This has been a summer of soul searching inside many organizations. George Floyd’s death in late May has led to widespread protests and a worldwide conversation about racism, equity, and discrimination. 

 

While most companies are committed to creating a more just world, recent research shows that many still have work to do when it comes to dismantling structural racism.  For example, a recent CNBC poll found that 61% of Americans believe racial inequality is a problem at work.  Another study found that 71% of Black Americans have experienced racial discrimination or mistreatment.  In our own research, we have found that Black employees rate their work experience as significantly less fair and equitable than their white colleagues do.


If you have not asked your employees about their perceptions of recent events, your organization may be unintentionally conveying the wrong message, leading some to believe that leadership is unconcerned about racial equity.  During times like these, it is important to give your employees an opportunity to voice their questions, share their observations, and put issues on the table. Various studies have found that social support increases our resilience and ability to cope. Listening to your employees about their experiences inside and outside of work is an effective way to address concerns, provide support, and improve your organization’s culture.

One effective way to have these discussions—particularly if your employees are still working remotely—is via digital focus groups.  New technology platforms like this one allow researchers to conduct online focus groups with as many as 1,000 people at once, and the anonymous format provides employees with an opportunity to share their thoughts and observations in as much detail as they want to.  As a result, participants often feel safe, heard, and valued.  We’ve found that by asking employees a combination of closed and open-ended items, and then using advanced techniques like natural language processing and computational grounded theory, we can explore complex topics like racial equity in a comprehensive and sensitive way.  Focus groups can also be used to follow up on town halls or to explore survey results. 

 

Through our work with various organizations, we have developed an extensive set of research questions that focus on workplace diversity and inclusion. Here are four areas of inquiry that often generate the most powerful insights:

 

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If you have not asked your employees about their perceptions of recent events, your organization may be unintentionally conveying the wrong message, leading some to believe that leadership is unconcerned about racial equity.
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1.      What does it mean to have a fair and inclusive work environment?  Employee expectations are one of the first things we discuss during focus groups.  After ensuring participants understand the session’s purpose and process, and then using some icebreakers to establish trust and comfort, we ask employees to think carefully about abstract concepts like fairness, equity, inclusion, and belonging.  Through a series of questions, we probe standards, explore expectations, and define ideals.  These questions often generate some of the most inspiring visions of the workplace that employees desire.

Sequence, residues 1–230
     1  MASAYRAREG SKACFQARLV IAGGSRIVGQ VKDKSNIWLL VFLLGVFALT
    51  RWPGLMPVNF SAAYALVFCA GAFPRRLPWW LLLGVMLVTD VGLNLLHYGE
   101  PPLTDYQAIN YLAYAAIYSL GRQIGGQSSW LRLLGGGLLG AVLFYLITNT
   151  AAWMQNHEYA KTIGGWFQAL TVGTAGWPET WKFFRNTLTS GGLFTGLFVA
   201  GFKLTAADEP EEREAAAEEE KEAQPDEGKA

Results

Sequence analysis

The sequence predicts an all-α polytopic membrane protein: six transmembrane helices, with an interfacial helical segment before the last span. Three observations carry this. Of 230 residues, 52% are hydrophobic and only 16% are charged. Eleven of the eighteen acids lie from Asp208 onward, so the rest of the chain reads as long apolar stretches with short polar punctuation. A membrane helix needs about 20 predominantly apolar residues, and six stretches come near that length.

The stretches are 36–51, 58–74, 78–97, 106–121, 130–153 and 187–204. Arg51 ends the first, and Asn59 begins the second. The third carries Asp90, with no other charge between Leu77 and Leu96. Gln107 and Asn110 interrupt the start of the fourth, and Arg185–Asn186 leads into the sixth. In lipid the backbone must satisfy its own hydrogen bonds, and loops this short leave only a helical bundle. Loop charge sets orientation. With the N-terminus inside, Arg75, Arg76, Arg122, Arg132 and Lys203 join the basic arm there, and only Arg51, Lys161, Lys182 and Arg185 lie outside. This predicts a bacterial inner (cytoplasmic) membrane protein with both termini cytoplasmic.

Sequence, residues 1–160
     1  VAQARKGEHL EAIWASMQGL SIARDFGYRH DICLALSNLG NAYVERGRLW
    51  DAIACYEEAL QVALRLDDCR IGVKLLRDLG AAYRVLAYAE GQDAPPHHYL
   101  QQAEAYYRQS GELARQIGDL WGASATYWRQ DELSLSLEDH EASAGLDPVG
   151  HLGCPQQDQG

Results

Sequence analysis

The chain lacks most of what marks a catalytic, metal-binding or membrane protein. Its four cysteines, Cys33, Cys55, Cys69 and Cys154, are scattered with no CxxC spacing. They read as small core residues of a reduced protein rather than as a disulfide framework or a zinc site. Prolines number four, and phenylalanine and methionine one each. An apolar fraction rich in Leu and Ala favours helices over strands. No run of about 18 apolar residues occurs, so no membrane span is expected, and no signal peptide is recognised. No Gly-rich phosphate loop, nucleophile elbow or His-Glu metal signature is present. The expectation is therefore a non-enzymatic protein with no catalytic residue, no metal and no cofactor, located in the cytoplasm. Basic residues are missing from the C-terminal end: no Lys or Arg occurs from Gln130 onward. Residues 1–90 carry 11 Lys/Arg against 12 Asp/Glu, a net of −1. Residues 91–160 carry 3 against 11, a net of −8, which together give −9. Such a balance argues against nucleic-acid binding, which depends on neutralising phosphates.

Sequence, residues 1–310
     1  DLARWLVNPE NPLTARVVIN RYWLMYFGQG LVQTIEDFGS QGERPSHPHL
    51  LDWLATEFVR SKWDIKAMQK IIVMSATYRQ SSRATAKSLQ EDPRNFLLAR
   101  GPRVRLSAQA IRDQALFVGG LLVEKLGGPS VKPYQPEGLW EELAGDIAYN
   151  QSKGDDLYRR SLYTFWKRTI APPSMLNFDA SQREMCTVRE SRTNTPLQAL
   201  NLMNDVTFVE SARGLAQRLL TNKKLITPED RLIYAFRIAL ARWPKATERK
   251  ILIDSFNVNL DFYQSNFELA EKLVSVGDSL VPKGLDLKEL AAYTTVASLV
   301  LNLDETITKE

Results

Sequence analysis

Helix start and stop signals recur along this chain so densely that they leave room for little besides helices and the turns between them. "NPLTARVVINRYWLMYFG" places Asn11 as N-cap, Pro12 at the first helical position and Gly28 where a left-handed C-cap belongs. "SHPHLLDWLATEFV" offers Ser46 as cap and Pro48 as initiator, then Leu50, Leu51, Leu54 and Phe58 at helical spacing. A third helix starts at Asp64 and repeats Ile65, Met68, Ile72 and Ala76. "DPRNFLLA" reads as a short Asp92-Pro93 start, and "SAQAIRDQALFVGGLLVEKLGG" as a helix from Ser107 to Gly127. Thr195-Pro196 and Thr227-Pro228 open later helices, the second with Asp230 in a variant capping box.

2.      Do you ever feel left out at work, either professionally or socially?  After exploring their ideals, we then ask employees to reflect on their day-to-day realities.  What makes you feel included at work?  When do you feel excluded?  Have you ever witnessed or experienced harassment or discrimination?  By asking employees to share their everyday experiences and challenges, and then looking for patterns across respondent populations, we can start to build a foundational understanding of what the work environment is like for different employee segments.           

3.      What characteristics, traits, contributions, and behaviors are valued here?  Next, we talk about core values.  Through a series of questions, we ask about the formal and informal power structure of the organization, exploring how decisions are made, people are promoted, and social relationships are established.  By focusing on both the organization’s espoused and enacted values, we help surface any blind spots, misperceptions, or unspoken rules that may be causing equity gaps.
 

4.      How fair and inclusive is our work environment?  What could we do to improve?  Finally, we ask for evaluations and recommendations.  After discussing ideals, experiences, and values, we ask employees to think carefully and critically about what’s working and what isn’t.  We focus on everything from senior leadership and company culture to HR policies and management practices, ensuring that participants reflect on their organization from multiple angles.  This allows us to explore diversity and equity issues in a comprehensive way and identify any systemic strengths or areas of concern.

 

Martin Luther King Jr. once said, “The ultimate measure of a person is not where one stands in moments of comfort and convenience, but where one stands in times of challenge and controversy.”  The same holds true for organizations.  The best way to deal with the challenges and controversies of the day is to address them head on.  By having an honest discussion with your employees about diversity, race, and equality, you can ensure that your workplace is fair, just, and inclusive.  In doing so, you will be making your organization--and the world--a better place for everyone.

Patrick Hyland, PhD
Patrick Hyland, PhD

Director of Research and Development at Mercer | Sirota

Megan Connolly
Megan Connolly

Principal and Senior Consultant at Mercer | Sirota

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